Youth and Government may still be predominantly white but McClymonds and other chapters such as Crenshaw, San Francisco and East LA are hoping to make an impact
By Janaya Andrews
For 16-year-old Khristan Antoine, a senior at McClymonds, it was a taste of what it might be to change the world.
“I learned not to give up when something’s hard and to put up with some judging and prejudice,” she said.
After five days of writing bills, lobbying and debating issues in Sacramento, students from McClymonds said that their five-day experience with YMCA Youth and Government was worthwhile and challenging.
The delegation from McClymonds, led by YMCA’s Erika Walker, has grown from six students to 18 students, the most ever, including 10 sophomores and four freshmen.
The bills they wrote, lobbied for and debated included a proposal to set a minimum age for marriage at 16, to hold gun buybacks twice a year and to require all drivers — not just teens — to have six hours of training behind the wheel and go through a period of time on a permit.
Antoine said that she joined this program because her leadership teacher Relonda McGhee said it would be a great idea if she joined Y&G.
The only criticism that McClymonds students expressed centered on the long sessions and strict dress codes (several students bought new “business” clothes).
Despite the restrictions, students said they bonded with others and learned how to argue and compromise. Daijahnae Labat, 14, a freshman, said that she just wanted to try new things.
“I liked the team building,” said Dazhane Labat, 15, another freshman. “We learned about how goverment works and all its practices.”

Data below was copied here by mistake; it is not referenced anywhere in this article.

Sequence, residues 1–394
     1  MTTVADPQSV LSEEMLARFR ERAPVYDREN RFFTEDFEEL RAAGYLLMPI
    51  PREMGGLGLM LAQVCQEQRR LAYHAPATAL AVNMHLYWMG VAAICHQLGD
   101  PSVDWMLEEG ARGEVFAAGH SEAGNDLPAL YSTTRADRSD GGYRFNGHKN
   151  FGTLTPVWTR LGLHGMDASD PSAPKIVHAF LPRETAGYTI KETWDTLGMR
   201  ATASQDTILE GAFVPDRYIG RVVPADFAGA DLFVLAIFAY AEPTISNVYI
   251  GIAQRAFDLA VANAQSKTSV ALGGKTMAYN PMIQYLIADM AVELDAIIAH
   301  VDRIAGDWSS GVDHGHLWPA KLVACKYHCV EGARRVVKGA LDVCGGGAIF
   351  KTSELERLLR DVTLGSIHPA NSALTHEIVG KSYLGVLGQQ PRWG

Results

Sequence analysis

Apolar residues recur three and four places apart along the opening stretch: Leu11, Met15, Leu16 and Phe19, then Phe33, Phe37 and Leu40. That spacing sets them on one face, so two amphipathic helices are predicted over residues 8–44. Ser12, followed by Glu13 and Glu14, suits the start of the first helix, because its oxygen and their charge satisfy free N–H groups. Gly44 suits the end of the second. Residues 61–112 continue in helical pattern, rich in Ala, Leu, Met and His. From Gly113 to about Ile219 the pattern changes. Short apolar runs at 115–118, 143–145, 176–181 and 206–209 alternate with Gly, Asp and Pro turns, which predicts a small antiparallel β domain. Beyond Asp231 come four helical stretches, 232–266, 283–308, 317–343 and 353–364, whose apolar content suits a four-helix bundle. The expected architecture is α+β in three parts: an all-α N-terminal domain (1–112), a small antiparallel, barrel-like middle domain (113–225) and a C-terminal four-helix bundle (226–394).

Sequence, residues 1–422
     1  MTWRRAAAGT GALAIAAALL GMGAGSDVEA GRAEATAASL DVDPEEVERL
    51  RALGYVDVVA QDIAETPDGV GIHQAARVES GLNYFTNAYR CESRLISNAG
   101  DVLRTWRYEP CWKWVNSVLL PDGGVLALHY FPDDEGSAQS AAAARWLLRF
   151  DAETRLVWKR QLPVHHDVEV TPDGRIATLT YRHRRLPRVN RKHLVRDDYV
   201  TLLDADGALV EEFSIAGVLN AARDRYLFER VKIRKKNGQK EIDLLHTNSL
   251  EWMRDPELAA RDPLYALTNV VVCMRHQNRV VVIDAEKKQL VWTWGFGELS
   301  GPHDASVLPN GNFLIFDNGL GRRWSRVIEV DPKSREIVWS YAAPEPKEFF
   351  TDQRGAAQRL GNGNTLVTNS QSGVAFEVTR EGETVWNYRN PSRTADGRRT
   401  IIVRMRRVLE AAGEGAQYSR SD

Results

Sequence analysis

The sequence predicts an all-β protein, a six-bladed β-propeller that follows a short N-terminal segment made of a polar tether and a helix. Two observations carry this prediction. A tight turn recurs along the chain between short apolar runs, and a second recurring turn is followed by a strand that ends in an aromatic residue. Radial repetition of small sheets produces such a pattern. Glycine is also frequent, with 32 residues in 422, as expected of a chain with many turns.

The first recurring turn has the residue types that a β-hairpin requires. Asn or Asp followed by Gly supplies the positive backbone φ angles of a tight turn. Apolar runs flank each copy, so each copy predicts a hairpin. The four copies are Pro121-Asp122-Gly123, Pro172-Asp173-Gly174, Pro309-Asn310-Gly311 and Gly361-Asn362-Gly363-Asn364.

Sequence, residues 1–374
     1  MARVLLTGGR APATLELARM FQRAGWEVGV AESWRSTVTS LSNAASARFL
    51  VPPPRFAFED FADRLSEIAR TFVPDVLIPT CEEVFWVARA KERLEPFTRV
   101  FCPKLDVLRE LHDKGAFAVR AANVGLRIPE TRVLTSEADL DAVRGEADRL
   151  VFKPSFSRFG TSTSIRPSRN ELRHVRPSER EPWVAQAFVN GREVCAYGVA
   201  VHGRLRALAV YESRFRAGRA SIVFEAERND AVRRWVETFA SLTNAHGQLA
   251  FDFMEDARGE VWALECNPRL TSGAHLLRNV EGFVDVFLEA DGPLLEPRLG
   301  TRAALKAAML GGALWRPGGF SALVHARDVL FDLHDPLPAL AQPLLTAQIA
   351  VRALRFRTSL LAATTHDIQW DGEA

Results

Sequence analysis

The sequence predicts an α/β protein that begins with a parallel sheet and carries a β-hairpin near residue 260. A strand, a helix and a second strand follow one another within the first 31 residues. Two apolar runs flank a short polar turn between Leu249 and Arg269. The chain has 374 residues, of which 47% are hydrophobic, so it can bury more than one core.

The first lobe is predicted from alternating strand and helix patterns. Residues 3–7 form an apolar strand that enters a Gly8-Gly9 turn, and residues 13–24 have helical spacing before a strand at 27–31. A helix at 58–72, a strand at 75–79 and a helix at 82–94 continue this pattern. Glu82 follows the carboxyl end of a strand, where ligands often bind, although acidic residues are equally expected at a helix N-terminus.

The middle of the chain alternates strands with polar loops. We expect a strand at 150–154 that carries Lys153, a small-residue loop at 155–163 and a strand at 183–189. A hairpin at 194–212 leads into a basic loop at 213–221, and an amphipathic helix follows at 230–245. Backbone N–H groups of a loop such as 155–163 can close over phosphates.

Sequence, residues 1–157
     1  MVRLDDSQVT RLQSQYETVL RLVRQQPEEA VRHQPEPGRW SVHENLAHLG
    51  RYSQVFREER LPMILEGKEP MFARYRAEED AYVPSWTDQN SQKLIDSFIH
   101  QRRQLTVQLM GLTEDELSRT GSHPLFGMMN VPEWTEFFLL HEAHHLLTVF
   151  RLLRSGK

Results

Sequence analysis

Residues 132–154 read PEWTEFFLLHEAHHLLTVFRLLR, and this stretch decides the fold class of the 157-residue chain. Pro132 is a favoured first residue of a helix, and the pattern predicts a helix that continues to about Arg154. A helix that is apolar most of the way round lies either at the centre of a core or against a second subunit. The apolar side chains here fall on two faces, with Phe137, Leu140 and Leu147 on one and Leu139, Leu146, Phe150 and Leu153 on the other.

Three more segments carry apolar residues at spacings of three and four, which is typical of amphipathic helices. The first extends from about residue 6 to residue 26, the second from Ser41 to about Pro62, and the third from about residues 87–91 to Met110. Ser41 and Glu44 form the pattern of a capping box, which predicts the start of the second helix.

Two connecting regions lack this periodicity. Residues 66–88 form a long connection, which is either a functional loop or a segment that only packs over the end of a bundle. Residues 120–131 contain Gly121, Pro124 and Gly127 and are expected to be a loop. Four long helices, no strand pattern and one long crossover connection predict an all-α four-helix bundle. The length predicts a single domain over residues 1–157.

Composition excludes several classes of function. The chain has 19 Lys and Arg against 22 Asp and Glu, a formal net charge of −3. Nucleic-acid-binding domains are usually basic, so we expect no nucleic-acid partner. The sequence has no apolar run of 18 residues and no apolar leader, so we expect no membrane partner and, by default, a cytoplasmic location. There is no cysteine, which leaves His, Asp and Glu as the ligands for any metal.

Posted in Academic success, after school, changes, community activism, Education, leadership, School News, speakers, success, Trends, West Oakland, Youth
Tagged dress code, leadership, McClymonds, YMCA, Youth and Goverment
Debate practice at McClymonds with coach Joseph Flores
Story photo by Anthony Beron
It was a day to cheer on debaters.
Two McClymonds High School freshmen and a senior placed in the top 10 of the rookie division speakers at the Bay Area Urban Debate League New Year’s Classic debate tournament at UC Berkeley Saturday.
Freshman Hailey King placed 3rd, freshman Parrish Kendricks 8th and senior Anastasia Walton 9th in their first debate. King and partner Kendicks also placed 4th as a team.
The Warriors’ debate team is fledgling, being formed in the fall of 2013.
“They’re getting much better,” said Pamela Tapia, a Mack graduate (and former BAUDL debater) who coaches the team. “We’re trying to become a powerhouse like athletics, but it’s tough to compete for after-school time with our successful sports teams.”
The team meets twice a week near the school library, to cover debate tactics and review sources for arguments.
Tapia said that the team has benefitted from the recent addition of mentor coach Joseph Flores (nicknamed “J-Flo”), a UC Berkeley student who debated for the Los Angeles Urban Debate League.
Placing in the top 20 as speakers were Nicole Funes, 13th, Anique Gichanga, 14th and Jaden Nixon, 16th.
In the novice division, freshmen J’Mya Gray-Martinez and Danenicole Williams placed 13th as a team.
Posted in after school, College, Debate, Education, School News, speakers, work, Youth
Tagged BAUDL, Bay Area Urban Debate League, competition, Debate, Mack, McClymonds, public speaking, teamwork
by Anthony Beron
Will tracking guns reduce violence? Or is this just another unworkable solution?
In Oakland, guns appear and multiply. And get used, over and over again.
At McClymonds, students feel mixed about the effectiveness of proposed assembly bill number 180, sponsored by Rob Bonta, D-Alameda that allows the city of Oakland to pass its own gun regulations. Would it have any impact on the street violence that Mack students witness?
“As younger people in the streets get guns, they don’t wanna settle out a fight with their hands- they just kill with a gun,” declares a solemn-looking Lee Benson.
Gun control remains a major problem in Oakland, especially West Oakland. Five McClymonds High students and alumni were shot in 2012, which is just a fraction of the 1,594 total shooting victims in Oakland last year.